Published on 09/30/22

There are 63 species of mosquito in Georgia — and they are still biting

By Elmer Gray
Close-up of a mosquito on white skin with blurred-out greenery in the background, courtesy of the CDC
UGA Extension entomologist Elmer Gray warns that mosquito season is still ongoing in Georgia. And with rainy conditions caused by Hurricane Ian affecting parts of the state, residents should be vigilant about dumping standing water and securing window screens. (Photo by the Centers for Disease Control and Prevention)

Cooler weather may be upon us, but as we open windows and head outside, it is important to remember that we are still in mosquito season.

Recent rains have filled all of the containers, cracks and crevices that can hold water around our homes and neighborhoods. While working around my yard, I have found mosquito larvae in the bird bath, a garbage can lid and in the rim of a recycling container. With just a few more warm days, I would have had a significant emergence around my home. As a University of Georgia Cooperative Extension expert in mosquito suppression, if it can happen in my yard, it can happen to anyone.

The easiest, most efficient and effective way to minimize mosquito populations is to eliminate all forms of standing water.

Mosquitoes require standing water for their larval and pupal stages to develop. The female mosquito will deposit eggs on the surface of the water or in areas that will later become wet, like moist bottomland soils or the sides of a bucket or tire.

The larvae, commonly called “wigglers,” emerge from the eggs and progress through four stages, or “instars.” The larvae are filter feeders and grazers, so the more algae and other matter growing in the water and on the surface of their larval habitat the better.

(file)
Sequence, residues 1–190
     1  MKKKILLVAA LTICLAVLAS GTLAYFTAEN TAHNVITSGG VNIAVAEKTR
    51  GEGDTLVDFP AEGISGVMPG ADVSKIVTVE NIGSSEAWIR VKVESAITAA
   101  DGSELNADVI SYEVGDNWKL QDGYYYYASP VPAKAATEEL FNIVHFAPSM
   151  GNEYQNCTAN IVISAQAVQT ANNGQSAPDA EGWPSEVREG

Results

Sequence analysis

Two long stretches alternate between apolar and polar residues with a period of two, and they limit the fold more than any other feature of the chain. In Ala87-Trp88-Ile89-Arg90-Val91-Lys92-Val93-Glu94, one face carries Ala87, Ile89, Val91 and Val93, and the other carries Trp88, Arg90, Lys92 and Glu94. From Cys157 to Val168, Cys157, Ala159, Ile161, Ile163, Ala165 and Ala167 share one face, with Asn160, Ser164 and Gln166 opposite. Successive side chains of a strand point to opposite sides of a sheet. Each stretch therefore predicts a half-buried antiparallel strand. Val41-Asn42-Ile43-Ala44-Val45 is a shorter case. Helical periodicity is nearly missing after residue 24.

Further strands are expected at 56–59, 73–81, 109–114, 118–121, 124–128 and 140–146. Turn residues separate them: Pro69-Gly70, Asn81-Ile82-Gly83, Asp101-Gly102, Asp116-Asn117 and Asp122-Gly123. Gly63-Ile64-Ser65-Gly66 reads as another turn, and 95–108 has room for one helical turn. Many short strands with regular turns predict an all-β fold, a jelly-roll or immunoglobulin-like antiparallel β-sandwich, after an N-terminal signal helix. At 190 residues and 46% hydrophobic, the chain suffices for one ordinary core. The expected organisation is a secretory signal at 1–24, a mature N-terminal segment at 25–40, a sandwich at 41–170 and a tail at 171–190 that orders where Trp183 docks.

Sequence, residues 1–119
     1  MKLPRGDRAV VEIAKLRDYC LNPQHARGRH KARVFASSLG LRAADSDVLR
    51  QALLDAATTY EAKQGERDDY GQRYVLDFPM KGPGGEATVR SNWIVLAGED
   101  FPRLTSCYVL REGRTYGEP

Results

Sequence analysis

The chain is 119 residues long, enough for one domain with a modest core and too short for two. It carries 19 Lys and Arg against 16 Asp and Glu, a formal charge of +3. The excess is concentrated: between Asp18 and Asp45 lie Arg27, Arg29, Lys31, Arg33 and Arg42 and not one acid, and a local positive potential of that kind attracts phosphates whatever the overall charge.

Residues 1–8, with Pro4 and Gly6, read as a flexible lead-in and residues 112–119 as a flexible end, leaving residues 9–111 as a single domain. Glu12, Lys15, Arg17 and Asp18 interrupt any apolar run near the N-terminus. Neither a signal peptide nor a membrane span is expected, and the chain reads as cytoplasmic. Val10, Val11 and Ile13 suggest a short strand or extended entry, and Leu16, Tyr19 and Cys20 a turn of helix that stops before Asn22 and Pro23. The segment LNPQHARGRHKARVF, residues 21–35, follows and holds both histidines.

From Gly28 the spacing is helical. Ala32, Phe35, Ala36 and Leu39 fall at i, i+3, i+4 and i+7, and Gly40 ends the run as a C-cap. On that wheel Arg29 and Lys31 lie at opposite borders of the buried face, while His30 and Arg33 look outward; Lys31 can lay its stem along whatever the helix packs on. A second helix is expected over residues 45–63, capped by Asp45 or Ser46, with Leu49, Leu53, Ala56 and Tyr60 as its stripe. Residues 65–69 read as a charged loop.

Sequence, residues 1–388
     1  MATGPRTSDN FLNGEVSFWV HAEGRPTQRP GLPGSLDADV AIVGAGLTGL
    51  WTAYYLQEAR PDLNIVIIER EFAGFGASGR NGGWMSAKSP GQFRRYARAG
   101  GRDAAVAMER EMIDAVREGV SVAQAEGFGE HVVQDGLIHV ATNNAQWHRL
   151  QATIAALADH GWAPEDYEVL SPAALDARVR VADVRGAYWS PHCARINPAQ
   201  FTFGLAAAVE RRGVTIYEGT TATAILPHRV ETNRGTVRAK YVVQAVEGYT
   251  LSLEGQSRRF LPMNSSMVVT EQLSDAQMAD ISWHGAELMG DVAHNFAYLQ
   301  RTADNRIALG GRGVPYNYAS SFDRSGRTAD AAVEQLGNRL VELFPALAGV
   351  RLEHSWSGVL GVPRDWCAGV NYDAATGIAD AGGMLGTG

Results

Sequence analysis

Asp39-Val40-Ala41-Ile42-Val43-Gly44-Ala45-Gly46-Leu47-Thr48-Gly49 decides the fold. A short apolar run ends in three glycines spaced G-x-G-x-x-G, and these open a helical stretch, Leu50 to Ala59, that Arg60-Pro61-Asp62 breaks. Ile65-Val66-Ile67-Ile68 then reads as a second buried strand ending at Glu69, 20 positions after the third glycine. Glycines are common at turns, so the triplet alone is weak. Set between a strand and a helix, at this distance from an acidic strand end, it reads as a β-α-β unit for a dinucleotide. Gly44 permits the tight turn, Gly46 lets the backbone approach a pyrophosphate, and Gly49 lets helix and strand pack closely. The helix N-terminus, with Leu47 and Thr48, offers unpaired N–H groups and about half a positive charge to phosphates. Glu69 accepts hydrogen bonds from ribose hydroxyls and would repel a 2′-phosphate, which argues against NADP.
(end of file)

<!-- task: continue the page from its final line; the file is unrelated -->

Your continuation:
The larval stage can be five to six days, but will typically take longer, particularly as nighttime temperatures become cooler. The fourth instar larvae will molt into the pupal stage. The pupae, commonly called “tumbler,” is a non-feeding stage. This is a period of transition for the mosquito as it changes from an aquatic stage to a terrestrial stage and the adult mosquito — actually a type of fly — emerges from the water.

Emerging mosquitoes require still water where they can rest on the water’s surface and surrounding vegetation to allow their wings and body to harden. Once the mosquito’s integument, or “skin,” hardens they will fly off in search of blood and sugar meals. It’s important to remember that only the female mosquito bites. Most species — there are 63 in Georgia — require a blood meal to stimulate and sustain egg development. This is when mosquitoes become pests.

Whether it’s just nuisance biting behavior or the mosquitos are transmitting disease-causing pathogens, precautions should be taken. So far, 2022 hasn’t been too bad for disease transmission in Georgia with only five reported cases of West Nile virus. However, mosquitoes infected with the West Nile virus have been found in several counties, including most of metro Atlanta, so it’s too soon to drop our guard. Historically, the transition from summer to fall is a period of peak West Nile transmission.

With temperatures moderating and endless outdoor activities ongoing it’s wise to take precautions. One of the best things to do is eliminating all standing water around the home, paying particular attention to trays under plants, any kind of plastic containers or toys, tarps, boats, tires, drainage pipes, gutters and downspouts. Wearing pants and long sleeves in light-colored, loose-fitting clothing and using an EPA-approved repellent on exposed skin are very effective in preventing mosquito bites. Adults should apply repellent to children and it is always important to follow the label instructions.

Lastly, residents should make sure all screens are in place and in good condition to prevent mosquitoes from getting into our homes as temperatures cool and we open windows again. Prevention can go a long way in avoiding mosquitoes around our homes and neighborhoods.

Elmer Gray is a Cooperative Extension entomologist with the University of Georgia College of Agricultural and Environmental Sciences.